Did anyone else spend time wondering whether the auction was

1 Pass 1 Pass
1NT

and not

1 1 1NT All Pass?

It's the former.
Oct. 8
You are ignoring the author of this comment. Click to temporarily show the comment.
East had AQxxxx, xx, –, JTxxx. At the table, West bid 4 and it made 7 on a diamond lead.

3 looks like an unlucky start, but when East bids 4 (not 4!) that is probably enough to get to 6.
Sept. 27
You are ignoring the author of this comment. Click to temporarily show the comment.
Fixed, at least partly.
Sept. 5
You are ignoring the author of this comment. Click to temporarily show the comment.
This was a quiz question that did not specify. The quiz answer was to lead a club, based on the threat of dummy's diamonds and our vulnerable diamond queen. (For quiz purposes, a heart lead is a “mistake”.) Your point is valid, but “Any” captures the original problem.
Sept. 4
You are ignoring the author of this comment. Click to temporarily show the comment.
Yes, they did. But the whole thing is complex and difficult. The test is part of the unit mentor/mentee program, which is a very good thing, IMO. Many of the mentors are far from expert players and the role of the unit in guiding the bridge aspects of the program is hard to define.

This question was an attempt to address the principle that a player should consider her rebid before making her initial bid. I'd rather teach how-to-think-like-a-bridge-player than teach a long list of Rules, but it's hard and takes good teachers.

I have offered some feedback, which I hope is received as constructive. The feedback included posting some bidding polls here.
Sept. 3
You are ignoring the author of this comment. Click to temporarily show the comment.
If I had a Bols Tip, it would be “Lead first through the short hand.” This combines “what should I do” with the “what's going on” because you have to figure out the short hand to apply it, and that leads to considering the distribution of the unseen hands. And it's almost always the right play when you do figure it out.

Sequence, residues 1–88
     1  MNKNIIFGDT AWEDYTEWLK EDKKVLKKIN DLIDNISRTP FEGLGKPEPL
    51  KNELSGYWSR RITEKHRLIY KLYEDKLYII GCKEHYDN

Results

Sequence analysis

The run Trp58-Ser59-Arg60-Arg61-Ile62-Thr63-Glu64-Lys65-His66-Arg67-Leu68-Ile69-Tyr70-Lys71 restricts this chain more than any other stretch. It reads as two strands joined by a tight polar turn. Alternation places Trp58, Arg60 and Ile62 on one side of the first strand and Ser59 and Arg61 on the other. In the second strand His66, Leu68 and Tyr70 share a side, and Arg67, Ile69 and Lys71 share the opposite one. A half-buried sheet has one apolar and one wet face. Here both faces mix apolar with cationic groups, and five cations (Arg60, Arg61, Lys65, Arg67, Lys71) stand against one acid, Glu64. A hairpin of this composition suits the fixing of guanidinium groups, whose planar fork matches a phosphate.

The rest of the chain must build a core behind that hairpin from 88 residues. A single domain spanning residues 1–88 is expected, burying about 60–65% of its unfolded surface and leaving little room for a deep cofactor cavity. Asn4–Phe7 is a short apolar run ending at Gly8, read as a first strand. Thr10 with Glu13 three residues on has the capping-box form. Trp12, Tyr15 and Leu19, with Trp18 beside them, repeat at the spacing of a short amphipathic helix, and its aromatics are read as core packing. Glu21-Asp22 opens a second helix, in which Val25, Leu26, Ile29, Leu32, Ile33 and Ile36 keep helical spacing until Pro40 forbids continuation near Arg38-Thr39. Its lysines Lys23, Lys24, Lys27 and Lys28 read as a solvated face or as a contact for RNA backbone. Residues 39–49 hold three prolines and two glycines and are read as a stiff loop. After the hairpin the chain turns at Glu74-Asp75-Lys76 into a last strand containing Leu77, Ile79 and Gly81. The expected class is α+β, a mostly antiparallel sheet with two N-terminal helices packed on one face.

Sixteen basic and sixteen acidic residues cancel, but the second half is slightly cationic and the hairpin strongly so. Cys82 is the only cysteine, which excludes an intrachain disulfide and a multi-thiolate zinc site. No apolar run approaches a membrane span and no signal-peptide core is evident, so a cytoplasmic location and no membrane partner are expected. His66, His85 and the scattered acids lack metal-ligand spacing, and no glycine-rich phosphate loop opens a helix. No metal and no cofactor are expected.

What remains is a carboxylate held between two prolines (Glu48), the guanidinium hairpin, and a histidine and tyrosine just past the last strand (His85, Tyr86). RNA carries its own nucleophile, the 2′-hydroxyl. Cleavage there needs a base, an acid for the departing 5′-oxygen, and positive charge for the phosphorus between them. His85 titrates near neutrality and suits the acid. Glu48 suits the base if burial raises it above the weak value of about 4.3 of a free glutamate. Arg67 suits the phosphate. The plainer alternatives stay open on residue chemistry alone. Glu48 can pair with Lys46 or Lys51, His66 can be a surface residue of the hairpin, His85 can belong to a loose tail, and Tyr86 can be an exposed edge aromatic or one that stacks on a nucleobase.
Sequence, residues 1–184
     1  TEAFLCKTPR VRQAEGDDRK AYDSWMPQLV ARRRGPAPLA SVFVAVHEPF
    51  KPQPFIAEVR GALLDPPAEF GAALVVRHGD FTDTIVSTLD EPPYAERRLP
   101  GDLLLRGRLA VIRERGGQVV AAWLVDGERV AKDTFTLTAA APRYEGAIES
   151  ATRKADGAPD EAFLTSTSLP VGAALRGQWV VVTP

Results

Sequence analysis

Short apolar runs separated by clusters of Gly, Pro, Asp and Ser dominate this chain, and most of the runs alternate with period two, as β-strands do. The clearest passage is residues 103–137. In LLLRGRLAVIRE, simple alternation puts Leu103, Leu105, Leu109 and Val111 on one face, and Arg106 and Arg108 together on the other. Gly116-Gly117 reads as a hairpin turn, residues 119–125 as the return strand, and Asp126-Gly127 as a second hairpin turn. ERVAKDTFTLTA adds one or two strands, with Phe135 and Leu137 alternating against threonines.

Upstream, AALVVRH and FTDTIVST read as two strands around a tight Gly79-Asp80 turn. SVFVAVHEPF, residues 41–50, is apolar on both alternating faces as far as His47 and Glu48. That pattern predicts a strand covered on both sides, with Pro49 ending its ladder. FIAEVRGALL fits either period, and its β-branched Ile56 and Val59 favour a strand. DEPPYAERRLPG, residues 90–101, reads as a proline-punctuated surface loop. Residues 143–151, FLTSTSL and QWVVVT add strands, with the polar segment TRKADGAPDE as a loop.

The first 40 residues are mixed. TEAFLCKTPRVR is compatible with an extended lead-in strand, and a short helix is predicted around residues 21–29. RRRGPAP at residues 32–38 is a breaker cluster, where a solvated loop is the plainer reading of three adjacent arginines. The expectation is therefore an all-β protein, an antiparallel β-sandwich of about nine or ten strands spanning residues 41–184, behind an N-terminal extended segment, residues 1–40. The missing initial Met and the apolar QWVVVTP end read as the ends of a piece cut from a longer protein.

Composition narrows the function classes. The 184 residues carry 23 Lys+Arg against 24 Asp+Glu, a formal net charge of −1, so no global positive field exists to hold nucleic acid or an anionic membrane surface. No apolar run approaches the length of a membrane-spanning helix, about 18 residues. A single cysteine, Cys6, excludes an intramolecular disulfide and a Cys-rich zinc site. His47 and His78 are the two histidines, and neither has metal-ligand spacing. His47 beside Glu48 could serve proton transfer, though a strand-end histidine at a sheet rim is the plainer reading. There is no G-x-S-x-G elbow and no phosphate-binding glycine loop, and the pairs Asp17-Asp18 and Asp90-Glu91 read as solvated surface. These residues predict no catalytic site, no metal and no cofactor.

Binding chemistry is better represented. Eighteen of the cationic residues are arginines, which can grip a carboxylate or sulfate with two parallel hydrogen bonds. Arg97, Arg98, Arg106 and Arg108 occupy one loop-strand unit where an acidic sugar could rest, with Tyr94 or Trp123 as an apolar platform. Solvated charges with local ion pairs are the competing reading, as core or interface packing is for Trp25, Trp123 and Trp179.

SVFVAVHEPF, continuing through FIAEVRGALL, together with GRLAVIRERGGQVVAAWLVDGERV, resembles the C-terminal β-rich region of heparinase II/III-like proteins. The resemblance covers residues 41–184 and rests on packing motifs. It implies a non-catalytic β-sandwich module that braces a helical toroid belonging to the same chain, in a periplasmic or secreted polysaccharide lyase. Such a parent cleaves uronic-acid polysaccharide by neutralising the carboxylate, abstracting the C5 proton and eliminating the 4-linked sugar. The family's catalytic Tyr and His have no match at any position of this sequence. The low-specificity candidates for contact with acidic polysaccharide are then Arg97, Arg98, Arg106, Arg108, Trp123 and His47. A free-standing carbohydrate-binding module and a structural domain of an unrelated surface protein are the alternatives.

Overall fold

June 21
You are ignoring the author of this comment. Click to temporarily show the comment.
One reason is that you can “fast answer” a number of polls without viewing the whole problem statement.
June 19
You are ignoring the author of this comment. Click to temporarily show the comment.
As I read it, there will not be groups of 18. All entrants will be in the same “section,” with the top 18 getting points.
June 18
You are ignoring the author of this comment. Click to temporarily show the comment.
I was the director. (I told East I would treat his objection as an Appeal and let Bridgewinners decide.)

My problem with this suggestion is the cognitive limits of the N-S players. Some time ago one of them needed a ride home. He took out his driver license (I don't think he actually drives) and showed me the address. As we approached the address, he said, “No, that's not right.” He called a relative on his cell phone and got the actual address (not near the DL one) and I took him home. They do not play negative free bids; I'm not sure offhand if they play negative doubles. They do sometimes open hands with less than 10 HCP. I've never seen less than eight. I could ask them to announce Light Openings - their club opponents already know this - but they'd be likely to forget. They are friendly people who were once industrial engineers. They seem cheerfully aware of their present limits, on some level. Sometimes they may do a good bridge thing, but the odds are against it.
June 17
You are ignoring the author of this comment. Click to temporarily show the comment.
Page 10: “…a blackout thinking that South has two trumps left…” You mean East, not South.
June 3
You are ignoring the author of this comment. Click to temporarily show the comment.
The rest of the story: East had


10x
98765432
Qxx

You have two spade losers, but each winner endplays West, provided you discarded a club on the first trick (so that one ruff-sluff is enough to establish clubs). You have some guessing if West exits the J.

I don't think I've seen an eight-card straight flush before this one.
May 28
1 2 3 4 5 6 7 8 9 ... 13 14 15 16
.

Bottom Home Top